Picture credit: luu, luu

Other problems contribute heavily to particulate pollution including burning wood fires and read the rest of the story from Climate Skeptic .

“Which is a shame. Unlike for CO2 abatement, there are real technologies that are proven to be economic that can abate the worst of China’s pollution problems. Had we instead been spending our moral capital pressuring China to take such steps, there might be real progress.”

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13 Responses to China May Be the Death of the Environmental Movement

  1. Brianne September 10, 2008 at 7:03 pm #

    It’s nice to know that the US didn’t sign the treaty because of China and India’s exemption. If it’s for a better planet, for us all, how can anyone be exempt?

  2. Bryce September 11, 2008 at 1:37 am #

    The US should at least set an example and do what’s right instead of refusing to sign. Who produces the most pollution on a per capita basis? The USA.

  3. cchiovitti September 11, 2008 at 5:51 pm #

    I remember my grandmother telling me about growing up in Glasgow, Scotland in the early 1920’s. She said the soot was so thick that they covered their faces with their hankies and had to read with lanterns in their rooms even in the middle of the day. Somewhere (maybe 3 or 4 months ago?) I read online that parts of China have worse particulate pollution than early 20th century London.

    I’d ask for grandma’s thoughts on it, but she died of lung cancer in 1989. Never smoked, never drank, nada.

  4. GreenOfficeBlog September 12, 2008 at 8:58 pm #

    I first read about this issue in the book Earth Odyssey written by Mark Hertsgaard in the 90s, and apparently the majority of the problem lies in the fact that China is powered almost exclusively with coal. It’s difficult for the country to solve the problem because it would be so darn expensive to shift to a different source of power. It’s really unfortunate, because as stated in this article, the massive pollution is affecting the whole world, not just China.

  5. September 15, 2008 at 6:15 pm #

    @ Brianne: Thanks for your comments. It looks like we are not going to have to worry about green or pollution if our financial institutions keep going bankrupt. Kyoto was really a trap for the U.S. and signing this treaty would have been a disaster for the American taxpayer. The EU moved the requirements for the U.S. to meeting Kyoto to previous years which would have meant more costs to the U.S.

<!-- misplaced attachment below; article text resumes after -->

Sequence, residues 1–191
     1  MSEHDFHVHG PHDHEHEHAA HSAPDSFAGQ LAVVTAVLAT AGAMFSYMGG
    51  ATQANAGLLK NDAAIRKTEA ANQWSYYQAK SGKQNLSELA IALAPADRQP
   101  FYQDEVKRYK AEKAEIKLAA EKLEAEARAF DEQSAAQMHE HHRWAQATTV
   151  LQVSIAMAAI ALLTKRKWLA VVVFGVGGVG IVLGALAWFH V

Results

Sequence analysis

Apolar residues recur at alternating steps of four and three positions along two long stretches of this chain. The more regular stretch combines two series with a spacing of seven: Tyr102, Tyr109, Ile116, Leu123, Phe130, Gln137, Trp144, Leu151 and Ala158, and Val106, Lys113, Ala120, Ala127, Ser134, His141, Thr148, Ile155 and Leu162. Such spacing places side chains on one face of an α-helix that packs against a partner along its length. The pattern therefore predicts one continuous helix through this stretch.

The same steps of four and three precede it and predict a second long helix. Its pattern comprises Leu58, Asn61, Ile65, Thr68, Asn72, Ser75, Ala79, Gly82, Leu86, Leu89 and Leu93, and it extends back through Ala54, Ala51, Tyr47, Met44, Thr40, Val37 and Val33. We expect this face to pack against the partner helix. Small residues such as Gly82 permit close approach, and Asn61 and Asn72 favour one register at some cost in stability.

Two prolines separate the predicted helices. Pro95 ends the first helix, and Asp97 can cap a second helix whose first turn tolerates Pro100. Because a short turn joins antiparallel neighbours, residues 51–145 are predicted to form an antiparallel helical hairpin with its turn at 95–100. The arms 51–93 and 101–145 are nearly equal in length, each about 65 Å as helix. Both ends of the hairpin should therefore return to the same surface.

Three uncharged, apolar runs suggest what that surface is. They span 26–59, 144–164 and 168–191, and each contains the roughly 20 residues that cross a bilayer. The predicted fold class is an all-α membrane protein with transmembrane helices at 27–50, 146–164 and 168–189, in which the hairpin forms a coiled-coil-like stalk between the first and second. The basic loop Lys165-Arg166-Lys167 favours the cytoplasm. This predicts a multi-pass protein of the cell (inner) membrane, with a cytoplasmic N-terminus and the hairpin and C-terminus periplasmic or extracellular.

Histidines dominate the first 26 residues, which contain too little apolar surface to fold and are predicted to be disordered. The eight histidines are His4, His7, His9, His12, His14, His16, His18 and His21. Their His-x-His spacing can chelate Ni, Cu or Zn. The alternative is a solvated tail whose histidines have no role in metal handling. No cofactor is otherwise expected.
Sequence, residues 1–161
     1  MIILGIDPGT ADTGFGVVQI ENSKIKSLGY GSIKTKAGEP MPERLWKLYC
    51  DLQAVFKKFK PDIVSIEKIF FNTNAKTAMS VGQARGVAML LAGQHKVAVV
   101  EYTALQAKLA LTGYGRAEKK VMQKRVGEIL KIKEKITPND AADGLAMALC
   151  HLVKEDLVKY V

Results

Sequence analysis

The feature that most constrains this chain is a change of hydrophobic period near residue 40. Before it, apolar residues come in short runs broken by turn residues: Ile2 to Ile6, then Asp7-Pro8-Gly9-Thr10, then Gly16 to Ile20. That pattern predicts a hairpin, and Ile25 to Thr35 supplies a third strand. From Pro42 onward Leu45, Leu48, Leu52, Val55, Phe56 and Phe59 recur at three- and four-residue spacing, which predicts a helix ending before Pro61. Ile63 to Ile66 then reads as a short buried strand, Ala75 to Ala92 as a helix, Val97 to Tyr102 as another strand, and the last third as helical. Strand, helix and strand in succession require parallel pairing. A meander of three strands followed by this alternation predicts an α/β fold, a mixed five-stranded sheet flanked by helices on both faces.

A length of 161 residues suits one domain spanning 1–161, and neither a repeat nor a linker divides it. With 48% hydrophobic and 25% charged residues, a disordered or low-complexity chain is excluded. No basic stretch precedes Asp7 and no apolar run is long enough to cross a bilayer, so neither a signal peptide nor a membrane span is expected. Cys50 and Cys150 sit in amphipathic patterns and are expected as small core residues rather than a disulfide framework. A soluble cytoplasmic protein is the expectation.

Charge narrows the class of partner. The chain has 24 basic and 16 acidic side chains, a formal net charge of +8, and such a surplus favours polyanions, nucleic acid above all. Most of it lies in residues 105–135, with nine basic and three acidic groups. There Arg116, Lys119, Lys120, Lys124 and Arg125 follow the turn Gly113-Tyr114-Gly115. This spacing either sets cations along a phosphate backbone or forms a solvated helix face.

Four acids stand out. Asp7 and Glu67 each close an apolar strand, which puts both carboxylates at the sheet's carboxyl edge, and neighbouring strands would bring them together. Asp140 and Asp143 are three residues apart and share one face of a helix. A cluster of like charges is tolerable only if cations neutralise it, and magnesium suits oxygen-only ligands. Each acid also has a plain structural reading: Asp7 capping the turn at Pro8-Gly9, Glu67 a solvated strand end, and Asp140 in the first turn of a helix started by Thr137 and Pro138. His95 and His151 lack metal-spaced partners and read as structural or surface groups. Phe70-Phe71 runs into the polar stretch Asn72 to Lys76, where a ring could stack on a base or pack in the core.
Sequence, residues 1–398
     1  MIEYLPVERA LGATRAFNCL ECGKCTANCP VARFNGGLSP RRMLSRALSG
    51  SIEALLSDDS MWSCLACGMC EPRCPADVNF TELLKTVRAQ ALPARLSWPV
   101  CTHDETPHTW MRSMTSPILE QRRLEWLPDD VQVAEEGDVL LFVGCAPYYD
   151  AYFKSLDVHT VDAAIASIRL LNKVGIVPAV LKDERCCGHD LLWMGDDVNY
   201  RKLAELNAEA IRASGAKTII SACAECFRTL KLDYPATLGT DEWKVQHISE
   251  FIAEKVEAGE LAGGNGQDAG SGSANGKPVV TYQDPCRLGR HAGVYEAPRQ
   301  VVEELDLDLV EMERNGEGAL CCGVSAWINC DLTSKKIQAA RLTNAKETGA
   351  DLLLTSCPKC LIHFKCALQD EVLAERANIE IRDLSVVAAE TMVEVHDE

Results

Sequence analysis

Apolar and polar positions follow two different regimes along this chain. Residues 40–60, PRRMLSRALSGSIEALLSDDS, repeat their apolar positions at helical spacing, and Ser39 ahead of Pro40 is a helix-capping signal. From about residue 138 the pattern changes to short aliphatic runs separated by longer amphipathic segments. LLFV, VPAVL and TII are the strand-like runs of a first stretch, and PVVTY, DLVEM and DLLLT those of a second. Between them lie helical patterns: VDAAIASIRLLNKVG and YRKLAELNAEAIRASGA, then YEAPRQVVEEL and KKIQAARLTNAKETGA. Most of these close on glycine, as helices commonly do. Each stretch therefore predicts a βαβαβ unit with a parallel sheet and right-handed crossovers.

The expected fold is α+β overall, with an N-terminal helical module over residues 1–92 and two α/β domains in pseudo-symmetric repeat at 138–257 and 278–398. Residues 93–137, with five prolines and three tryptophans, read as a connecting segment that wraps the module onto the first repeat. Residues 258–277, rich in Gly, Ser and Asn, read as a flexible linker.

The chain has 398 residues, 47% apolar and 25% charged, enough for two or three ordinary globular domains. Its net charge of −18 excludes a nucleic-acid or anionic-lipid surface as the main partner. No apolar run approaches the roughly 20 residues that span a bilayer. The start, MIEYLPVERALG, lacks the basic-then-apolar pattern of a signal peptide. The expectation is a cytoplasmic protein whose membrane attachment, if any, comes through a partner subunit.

6. September 15, 2008 at 6:20 pm #

    @ Bryce: Thank you for your comment. Please give a few reasons why the U.S. should have signed the Kyoto Treaty.
    Setting a good example is not good enough reason. Bryce, you might not be aware of the results of the EU countries meeting the requirements of kyoto. Japan and most of the EU countries had to pay heavy penalties because they could not meet Kyoto’s mandated pollution limits. Tell me who got all the money from the Kyoto payments that were made by the EU countries.

  7. September 15, 2008 at 6:50 pm #

    @ cchiovitti: Thank you for your comments.

  8. September 15, 2008 at 6:51 pm #

    @ Rob: Thanks for your comments.

  9. John V October 22, 2008 at 10:35 pm #

    The USA did the right thing by not signing on to this farce. Canada has not lived up to it’s Kyoto commitments and won’t. Thankfully we have a re-elected government that is not in the tank with the climate change freaks.

    I predict that little will be done to curb pollution because we are in a paradox on this issue. We can clean up the planet and live in a state of world wide poverty, envy and anger or we can adapt and accept that a many of our seven billion people will die as a result of the pollution.

    The root of the problem is that we have seven billion people who all want to consume more and more and governments who promise it to them.

  10. November 25, 2008 at 4:16 pm #

    @ John V.: Thanks for your comments.Our pathetic governments have wasted billions of dollars due to greed, corruption and just plain being stupid that could have been used to solve many environmental problems. The amount of money thrown at the corn ethanol lobbyists is staggering and with the collapse of oil prices, we are back to where we started. People will go back to using gasoline as long as the price stays down. But for how long? Oil is definitely peaking or will eventually peak.

    Now with a possible complete world financial crisis sucking the wind out of the environmental movement, we have to plan green programs that will give us maximum results for dollars spent.
    The world, as well as China, will have to continue to use coal to generate electricity. We are looking at many years of coal use and China just discoved a gigantic coal deposit inside their borders and will continue to use coal for electricity due to a power starved country.

  11. Johan July 21, 2009 at 11:07 am #

    Interesting – for me, I think that western countries need to stop depending on China for cheap goods.. It only fuels the rise of pollution from industry. has some interesting views on the subject as well.

  12. July 29, 2009 at 1:23 pm #

    @Johan: Thanks for your comments. Appreciate you adding the link. I have questions for you. If the U.S. does not buy goods from China, what countries will be able to supply the U.S? Why does the U.S. purchase goods from China.